WASHINGTON, D.C. -- The National Science and Technology Medals were handed out this week here in our nation's capital. The president presided over a morning ceremony at the White House, and there was a classy dinner in the evening, with the honorees present. I missed the morning ceremony, for I remain after all these years technologically baffled. An invitation was tendered to me, but it came in over the Internet as e-mail. I missed it. The dinner invitation came snail-mail, so I was there, in black tie and with pen in hand to record the doings.
America has been riding a surge in scientific and technological innovation for decades, and, if anything, the surge has grown broader. In past decades, we read newspaper account after newspaper account of miraculous innovations that were about to transform our lives. The stories are not as popular today. We have become inured to the miraculous innovations all around us. Moreover, some of the latest are so complicated and portend such far-ranging change as to bewilder readers.
Consider the tiny computer chips that might be lodged in our bodies someday, serving the same purpose larger chips now serve in our automobiles. They will notify us when our cholesterol count or some enzyme count signals danger. They will warn us that a knee is wearing out and in need of replacement. Vital organs will be monitored by the tiny computers and replaced in due course by new, improved vital organs. Conceivably, these chips will keep us alive forever. As I say, the present surge in science and technology is almost too much to bear.
At dinner the other night, whole teams of scientists and engineers were recognized for ingenious inventions and procedures. So were individuals. What attracts me to these awards is that unlike those for the humanities, these are harder to fake. They are more dependent on objective evidence. The consequence of each innovation is usually apparent. Politics and lobbying is more difficult in science and technology than in belles lettres or the plastic arts.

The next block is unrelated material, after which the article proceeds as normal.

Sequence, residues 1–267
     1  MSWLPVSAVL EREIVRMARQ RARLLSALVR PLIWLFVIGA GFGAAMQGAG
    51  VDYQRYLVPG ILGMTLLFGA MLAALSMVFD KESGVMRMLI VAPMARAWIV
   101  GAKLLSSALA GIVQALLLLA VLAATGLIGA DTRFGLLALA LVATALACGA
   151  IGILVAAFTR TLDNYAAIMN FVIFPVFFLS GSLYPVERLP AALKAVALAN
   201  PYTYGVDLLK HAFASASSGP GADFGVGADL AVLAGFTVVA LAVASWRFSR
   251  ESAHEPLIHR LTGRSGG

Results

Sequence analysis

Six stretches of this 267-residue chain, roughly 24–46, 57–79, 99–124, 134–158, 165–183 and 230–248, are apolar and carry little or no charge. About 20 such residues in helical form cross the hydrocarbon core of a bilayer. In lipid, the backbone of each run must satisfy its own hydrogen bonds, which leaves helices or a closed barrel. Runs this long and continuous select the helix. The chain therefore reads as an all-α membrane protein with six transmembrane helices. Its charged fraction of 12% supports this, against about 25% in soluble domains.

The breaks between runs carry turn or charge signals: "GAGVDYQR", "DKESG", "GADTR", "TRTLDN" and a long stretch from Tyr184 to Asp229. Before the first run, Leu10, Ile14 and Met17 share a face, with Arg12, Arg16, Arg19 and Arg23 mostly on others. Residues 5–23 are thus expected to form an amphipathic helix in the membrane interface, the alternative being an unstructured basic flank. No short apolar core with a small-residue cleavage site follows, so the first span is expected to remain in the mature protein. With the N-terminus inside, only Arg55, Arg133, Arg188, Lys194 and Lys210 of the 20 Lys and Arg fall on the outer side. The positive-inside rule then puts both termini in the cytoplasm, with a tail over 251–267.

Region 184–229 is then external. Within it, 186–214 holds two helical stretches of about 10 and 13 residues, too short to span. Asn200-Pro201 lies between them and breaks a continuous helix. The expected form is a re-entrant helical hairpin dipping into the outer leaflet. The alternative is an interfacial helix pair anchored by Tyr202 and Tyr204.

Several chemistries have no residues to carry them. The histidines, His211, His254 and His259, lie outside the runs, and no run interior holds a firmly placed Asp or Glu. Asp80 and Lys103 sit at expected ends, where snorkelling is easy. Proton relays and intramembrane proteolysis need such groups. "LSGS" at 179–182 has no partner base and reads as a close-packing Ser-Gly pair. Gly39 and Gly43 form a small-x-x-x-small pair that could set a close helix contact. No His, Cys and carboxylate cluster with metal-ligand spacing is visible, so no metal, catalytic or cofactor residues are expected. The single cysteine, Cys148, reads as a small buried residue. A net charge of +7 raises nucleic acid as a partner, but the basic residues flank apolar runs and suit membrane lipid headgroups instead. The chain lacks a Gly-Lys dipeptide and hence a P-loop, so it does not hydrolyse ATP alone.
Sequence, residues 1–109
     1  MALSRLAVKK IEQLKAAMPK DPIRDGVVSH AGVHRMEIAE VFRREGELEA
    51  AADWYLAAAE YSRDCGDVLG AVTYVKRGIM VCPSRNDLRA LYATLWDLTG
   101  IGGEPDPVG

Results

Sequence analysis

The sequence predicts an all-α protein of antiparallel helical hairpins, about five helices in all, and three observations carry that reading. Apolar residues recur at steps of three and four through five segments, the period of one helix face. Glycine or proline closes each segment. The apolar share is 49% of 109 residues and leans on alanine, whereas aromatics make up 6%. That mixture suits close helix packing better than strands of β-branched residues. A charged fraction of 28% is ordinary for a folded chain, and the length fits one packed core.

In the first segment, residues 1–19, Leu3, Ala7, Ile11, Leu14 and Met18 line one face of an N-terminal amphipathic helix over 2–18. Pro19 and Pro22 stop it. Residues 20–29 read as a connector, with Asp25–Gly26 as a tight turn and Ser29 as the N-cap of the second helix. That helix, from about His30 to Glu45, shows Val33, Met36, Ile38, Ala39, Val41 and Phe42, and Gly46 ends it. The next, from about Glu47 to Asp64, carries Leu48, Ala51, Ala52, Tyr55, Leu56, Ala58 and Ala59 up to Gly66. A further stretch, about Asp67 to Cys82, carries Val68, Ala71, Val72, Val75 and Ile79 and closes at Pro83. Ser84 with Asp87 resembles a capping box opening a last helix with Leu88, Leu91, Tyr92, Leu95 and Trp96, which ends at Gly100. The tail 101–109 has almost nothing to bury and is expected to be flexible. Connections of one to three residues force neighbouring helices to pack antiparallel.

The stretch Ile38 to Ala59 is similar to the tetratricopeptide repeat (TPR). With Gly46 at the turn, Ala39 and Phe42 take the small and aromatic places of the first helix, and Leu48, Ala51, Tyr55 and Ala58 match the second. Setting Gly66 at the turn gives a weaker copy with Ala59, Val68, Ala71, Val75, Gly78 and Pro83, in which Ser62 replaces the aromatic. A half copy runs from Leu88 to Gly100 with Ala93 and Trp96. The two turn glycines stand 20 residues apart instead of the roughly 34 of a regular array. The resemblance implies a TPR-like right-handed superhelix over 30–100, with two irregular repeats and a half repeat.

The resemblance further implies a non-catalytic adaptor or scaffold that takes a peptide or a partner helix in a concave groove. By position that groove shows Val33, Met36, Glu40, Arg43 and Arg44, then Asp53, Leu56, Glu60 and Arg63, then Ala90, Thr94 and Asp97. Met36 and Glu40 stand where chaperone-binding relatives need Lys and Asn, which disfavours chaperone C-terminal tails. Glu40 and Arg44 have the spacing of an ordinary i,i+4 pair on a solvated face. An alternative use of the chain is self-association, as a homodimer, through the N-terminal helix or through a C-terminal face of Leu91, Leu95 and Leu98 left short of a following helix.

Yet, this is not always the case. One of the awardees is Bob Metcalfe. He invented Ethernet, which was an early step toward the Internet. Ethernet allowed local area computers to communicate. After that came the vast worldwide communication system that is the Internet. Then came the capacity to search and index documents on the Net that is Google. Metcalfe tells an amusing story demonstrating that this week's awards are not completely free of politics.
In 1973, he wrote the memo that invented Ethernet. Three years later, he, with David Boggs, had the system up and running. Yet, his practical application of the theoretical system he dreamed up in 1973 actually provoked not applause among his engineering colleagues but vexed controversy. Their response to the functioning Ethernet was that it was impossible. Their reason? It was impossible "in theory." As Ethernet's use spread, there remained engineers who scoffed at it as a theoretical impossibility. That reminds me of the old joke Ronald Reagan used to make at the expense of economists. "Yes," they might say. A certain policy, say tax cuts, works in practice. "But does it work in theory ?"
Tax cuts, incidentally, and the efficiency of American markets explain the long period of vigorous economic growth that the country has enjoyed since the early 1980s. Yet there is another element, one mentioned by Fed Chairman Alan Greenspan frequently. That is the growth in productivity stemming from the surge in scientific and technological innovation that was celebrated this week with the National Science and Technology Medals. The event brought together stars far more worthy of our awe than any stars the world of entertainment might summon to dinner. I actually got to meet Vint Cerf and Bob Kahn, the men who took Metcalfe's Ethernet and made it the Internet. I suspect the economic impact of these three men has amounted to hundreds of billions of dollars. What is more, there is no sign the innovations are ending.